ImpactAlpha, April 7 — On a recent early spring day, a half-dozen workers were installing heat pumps in a two-unit property on Ellis Avenue, a Bronx street lined with low-slung brick residential buildings.
The heat pumps, a key tool in the unfolding energy transition, will provide sustainable heating and cooling for residents. They will also lower energy bills, create career opportunities and bring a measure of climate equity to residents across the Bronx and other low-to-moderate income communities that too often bear the brunt of a changing climate.
“In low-income communities, there’s a waste of energy and there’s a waste of human potential,” says Donnel Baird, cofounder of BlocPower, the Brooklyn-based company overseeing the installation.
Baird founded the climate tech startup with Morris Cox in 2014 to bring clean energy to low-income Americans. Working with utilities, government agencies and property owners, BlocPower has retrofitted more than 1,000 buildings in New York City alone.
Buildings make up about a third of greenhouse gas emissions in the U.S., and a whopping 67% of total emissions in New York City, where most buildings are heated with fossil fuels and meals are cooked with gas stoves.
The Ellis Ave. retrofit is part of an initiative to create a “civilian climate corps” drawn from communities hardest hit by gun violence. Launched last year in partnership with New York City, which kicked in $37 million, the program aims to train up to 3,000 workers annually.
“New York State is expected to gain at least 211,000 new jobs related to clean energy by 2030, and the majority will be in building energy efficiency and electrification,” BlocPower’s Keith Kinch told ImpactAlpha. “We believe the Civilian Climate Corps can fulfill this growing need for smarter, greener and healthier buildings.”
Trainees in the BlocPower-NYC program are paid $20 per hour to learn how to install heat pumps as well as solar panels, wifi systems and electric charging stations. Since it launched, the program has trained and created green jobs for over 1,000 New Yorkers, who have been recruited through local community partners, and in the case of formerly-incarcerated Robert Rumph, word of mouth.
A 56-year old newlywed, Rumph found out about BlocPower’s training program from Andre Patterson, an old friend who was also installing heat pumps on Ellis Ave. that day. Patterson heard about the program while working part-time at Lincoln Hospital with underserved youths and victims from gunshot wounds. “I told my director at the time, I’m going to take this,” he said. “From there I told Rob and spread the word to other friends.”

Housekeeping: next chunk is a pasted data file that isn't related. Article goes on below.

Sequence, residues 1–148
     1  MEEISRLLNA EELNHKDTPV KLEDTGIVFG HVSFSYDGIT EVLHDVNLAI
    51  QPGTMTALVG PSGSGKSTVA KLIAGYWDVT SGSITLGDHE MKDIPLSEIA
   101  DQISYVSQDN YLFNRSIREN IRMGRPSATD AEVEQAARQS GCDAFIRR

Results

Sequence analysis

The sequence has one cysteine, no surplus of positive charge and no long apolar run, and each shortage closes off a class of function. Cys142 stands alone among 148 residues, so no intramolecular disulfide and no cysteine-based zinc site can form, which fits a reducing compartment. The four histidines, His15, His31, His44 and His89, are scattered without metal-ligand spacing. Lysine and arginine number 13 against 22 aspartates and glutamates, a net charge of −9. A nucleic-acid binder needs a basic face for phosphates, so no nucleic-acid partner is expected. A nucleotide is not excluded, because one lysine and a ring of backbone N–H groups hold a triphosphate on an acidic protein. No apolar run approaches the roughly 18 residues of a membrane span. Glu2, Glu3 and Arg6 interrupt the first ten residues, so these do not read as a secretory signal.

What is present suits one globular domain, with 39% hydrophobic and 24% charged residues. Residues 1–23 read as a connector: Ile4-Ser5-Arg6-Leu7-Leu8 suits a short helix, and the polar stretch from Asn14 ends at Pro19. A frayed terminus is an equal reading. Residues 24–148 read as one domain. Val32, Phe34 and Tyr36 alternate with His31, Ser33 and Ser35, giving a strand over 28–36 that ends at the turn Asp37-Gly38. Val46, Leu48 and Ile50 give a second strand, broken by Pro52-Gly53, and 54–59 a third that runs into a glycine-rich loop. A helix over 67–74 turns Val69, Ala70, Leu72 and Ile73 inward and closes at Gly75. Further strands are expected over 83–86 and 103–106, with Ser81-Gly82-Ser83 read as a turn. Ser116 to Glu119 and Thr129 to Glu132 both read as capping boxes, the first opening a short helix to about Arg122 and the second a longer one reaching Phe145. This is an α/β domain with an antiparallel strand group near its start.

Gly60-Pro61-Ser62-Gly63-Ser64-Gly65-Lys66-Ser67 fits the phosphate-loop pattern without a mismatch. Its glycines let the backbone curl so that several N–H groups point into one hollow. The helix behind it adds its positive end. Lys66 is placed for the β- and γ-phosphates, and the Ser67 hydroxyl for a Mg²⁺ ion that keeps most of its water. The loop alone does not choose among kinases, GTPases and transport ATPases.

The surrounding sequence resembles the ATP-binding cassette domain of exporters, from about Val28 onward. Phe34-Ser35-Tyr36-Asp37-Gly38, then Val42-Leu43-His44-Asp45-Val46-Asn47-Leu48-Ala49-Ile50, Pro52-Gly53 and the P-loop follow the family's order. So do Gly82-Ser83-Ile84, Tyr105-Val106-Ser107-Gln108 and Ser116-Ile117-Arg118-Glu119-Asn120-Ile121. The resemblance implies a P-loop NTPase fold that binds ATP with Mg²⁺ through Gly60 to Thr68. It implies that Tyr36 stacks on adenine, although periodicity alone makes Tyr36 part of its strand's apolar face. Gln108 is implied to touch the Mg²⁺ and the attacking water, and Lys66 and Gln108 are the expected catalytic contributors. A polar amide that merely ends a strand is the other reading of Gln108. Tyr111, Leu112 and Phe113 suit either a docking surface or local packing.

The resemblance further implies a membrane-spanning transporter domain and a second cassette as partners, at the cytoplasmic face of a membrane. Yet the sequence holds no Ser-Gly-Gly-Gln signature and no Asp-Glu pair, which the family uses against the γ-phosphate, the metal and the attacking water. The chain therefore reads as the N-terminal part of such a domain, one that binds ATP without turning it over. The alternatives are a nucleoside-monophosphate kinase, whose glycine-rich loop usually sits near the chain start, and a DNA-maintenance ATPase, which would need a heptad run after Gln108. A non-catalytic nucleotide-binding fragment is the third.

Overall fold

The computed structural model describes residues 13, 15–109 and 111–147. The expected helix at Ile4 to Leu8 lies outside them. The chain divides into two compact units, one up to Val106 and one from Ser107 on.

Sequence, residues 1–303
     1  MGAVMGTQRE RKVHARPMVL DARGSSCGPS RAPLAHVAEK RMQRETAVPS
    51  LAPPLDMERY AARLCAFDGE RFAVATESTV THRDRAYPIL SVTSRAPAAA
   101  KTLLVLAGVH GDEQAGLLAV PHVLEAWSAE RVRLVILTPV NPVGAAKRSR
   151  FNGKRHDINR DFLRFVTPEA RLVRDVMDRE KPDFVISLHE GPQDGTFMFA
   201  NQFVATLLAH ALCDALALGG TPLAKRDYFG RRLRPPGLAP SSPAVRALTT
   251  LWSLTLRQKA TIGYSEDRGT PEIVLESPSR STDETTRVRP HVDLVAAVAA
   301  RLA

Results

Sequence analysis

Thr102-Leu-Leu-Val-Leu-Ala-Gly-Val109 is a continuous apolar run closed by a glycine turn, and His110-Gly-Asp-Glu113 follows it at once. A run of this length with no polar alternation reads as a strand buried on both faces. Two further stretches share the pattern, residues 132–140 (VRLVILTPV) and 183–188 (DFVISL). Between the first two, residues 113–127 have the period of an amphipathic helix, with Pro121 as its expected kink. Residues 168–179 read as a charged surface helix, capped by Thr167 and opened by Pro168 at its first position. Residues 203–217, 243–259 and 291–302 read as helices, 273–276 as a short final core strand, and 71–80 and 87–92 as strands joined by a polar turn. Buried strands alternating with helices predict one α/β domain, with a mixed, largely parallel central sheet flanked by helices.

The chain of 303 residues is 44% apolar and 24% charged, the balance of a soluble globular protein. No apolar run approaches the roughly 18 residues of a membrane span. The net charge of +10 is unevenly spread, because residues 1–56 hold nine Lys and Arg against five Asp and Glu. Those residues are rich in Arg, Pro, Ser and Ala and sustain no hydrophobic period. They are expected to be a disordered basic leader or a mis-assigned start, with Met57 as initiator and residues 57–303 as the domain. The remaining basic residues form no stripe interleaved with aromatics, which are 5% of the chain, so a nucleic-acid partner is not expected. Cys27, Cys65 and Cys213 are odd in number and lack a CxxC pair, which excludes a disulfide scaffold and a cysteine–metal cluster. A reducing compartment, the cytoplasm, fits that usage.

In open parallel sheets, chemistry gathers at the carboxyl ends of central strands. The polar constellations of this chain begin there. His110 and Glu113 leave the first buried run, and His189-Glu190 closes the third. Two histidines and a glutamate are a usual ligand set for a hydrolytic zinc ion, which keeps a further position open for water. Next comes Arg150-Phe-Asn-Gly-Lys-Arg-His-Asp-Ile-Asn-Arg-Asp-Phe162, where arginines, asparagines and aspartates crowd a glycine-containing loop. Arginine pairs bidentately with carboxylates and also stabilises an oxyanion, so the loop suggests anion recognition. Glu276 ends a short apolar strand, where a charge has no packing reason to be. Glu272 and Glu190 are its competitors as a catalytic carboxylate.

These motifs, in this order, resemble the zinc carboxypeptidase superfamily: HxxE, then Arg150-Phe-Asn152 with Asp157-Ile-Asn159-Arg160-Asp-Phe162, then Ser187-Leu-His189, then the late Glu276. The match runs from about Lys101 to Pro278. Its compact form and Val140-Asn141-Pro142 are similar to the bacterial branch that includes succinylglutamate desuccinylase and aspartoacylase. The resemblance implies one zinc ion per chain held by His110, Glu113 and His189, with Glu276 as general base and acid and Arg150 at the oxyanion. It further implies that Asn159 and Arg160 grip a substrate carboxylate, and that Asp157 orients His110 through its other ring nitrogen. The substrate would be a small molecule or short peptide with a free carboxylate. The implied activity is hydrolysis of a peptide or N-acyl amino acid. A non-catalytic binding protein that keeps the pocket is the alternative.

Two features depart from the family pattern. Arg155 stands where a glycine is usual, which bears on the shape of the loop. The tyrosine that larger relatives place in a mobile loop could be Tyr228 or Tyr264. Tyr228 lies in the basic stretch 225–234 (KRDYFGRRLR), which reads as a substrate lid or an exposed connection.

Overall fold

For Rumph, who spent 26 years in prison, the opportunity was the “blessing” he had been looking for. “I did too much time in jail to come out and waste more time,” said Rumph. “I made poor choices when I was younger and paid for them, but now I’m not allowing room for any more mistakes. I just want to work, get paid and enjoy the rest of my life.”
He and Patterson said the training provides a career path and mobility, since they can take anywhere the skills they learned from BlocPower’s training. “You can pay the bills with this, go on vacation and then have some money in your savings,” said Patterson.
BlocPower’s program, which involves no upfront costs for property owners, has also benefited Waheed Jalil, who, along with his two brothers, owns the building where Rumph and Patterson are working.
Owning real estate is a little slice of the American dream for the brothers and their Bengali immigrant parents. “They sacrificed a lot to come here, and we all lived in a one bedroom apartment growing up,” says Jalil. “My dad was a line cook at a Marriott hotel and my mom worked part time to keep money on the table while being a stay at home mom to keep us fed.”
The Jalil family plans to do a full renovation on the two-unit building, with the goal of leasing a modern and sustainable home to the tenants who will occupy them.
Electric-powered heat pumps absorb heat and release cool air in a building in the summer and absorb cool air and release heat in the winter. They are more energy efficient and cost effective than air conditioners and boilers, and can also clean and purify the air.
“The tenants are going to have heating and cooling and no longer do they need to have their own air conditioning in individual bedrooms that rack up the electric bill,” said Jalil. “We were also able to remove the old radiators and boilers, which you know, are expensive and disruptive to the environment.”
Such stories are playing out across the nation in neighborhoods on the front lines of climate change.
BlocPower, recently named to one of the TIME100 most influential companies, has projects underway in more than 25 cities, including Philadelphia, Milwaukee, Baltimore and Oakland. The company has a city-wide partnership with Ithaca in upstate New York to electrify and decarbonize its entire building stock by 2030. It also plans to expand the Civilian Climate Corps model nationwide.
That kind of impact is resonating with investors. BlocPower has raised nearly $100 million in debt and equity to date from investors including Kapor Capital, Jeff Bezos’ Bezos Earth Fund, Microsoft Climate Innovation Fund, Goldman Sachs and Salesforce. A $5.5 million grant from the Bezos Earth Fund will support the creation of an open source data set and recommendations for 100 million buildings across America.
“There’s no path to addressing the climate crisis directly and urgently without greening buildings, at scale,” says BlocPower’s Kinch. “BlocPower is working building-by-building, block-by-block, and city-by-city to solve this problem,” he adds.
Photo Story by ImpactAlpha’s Roodgally Senatus.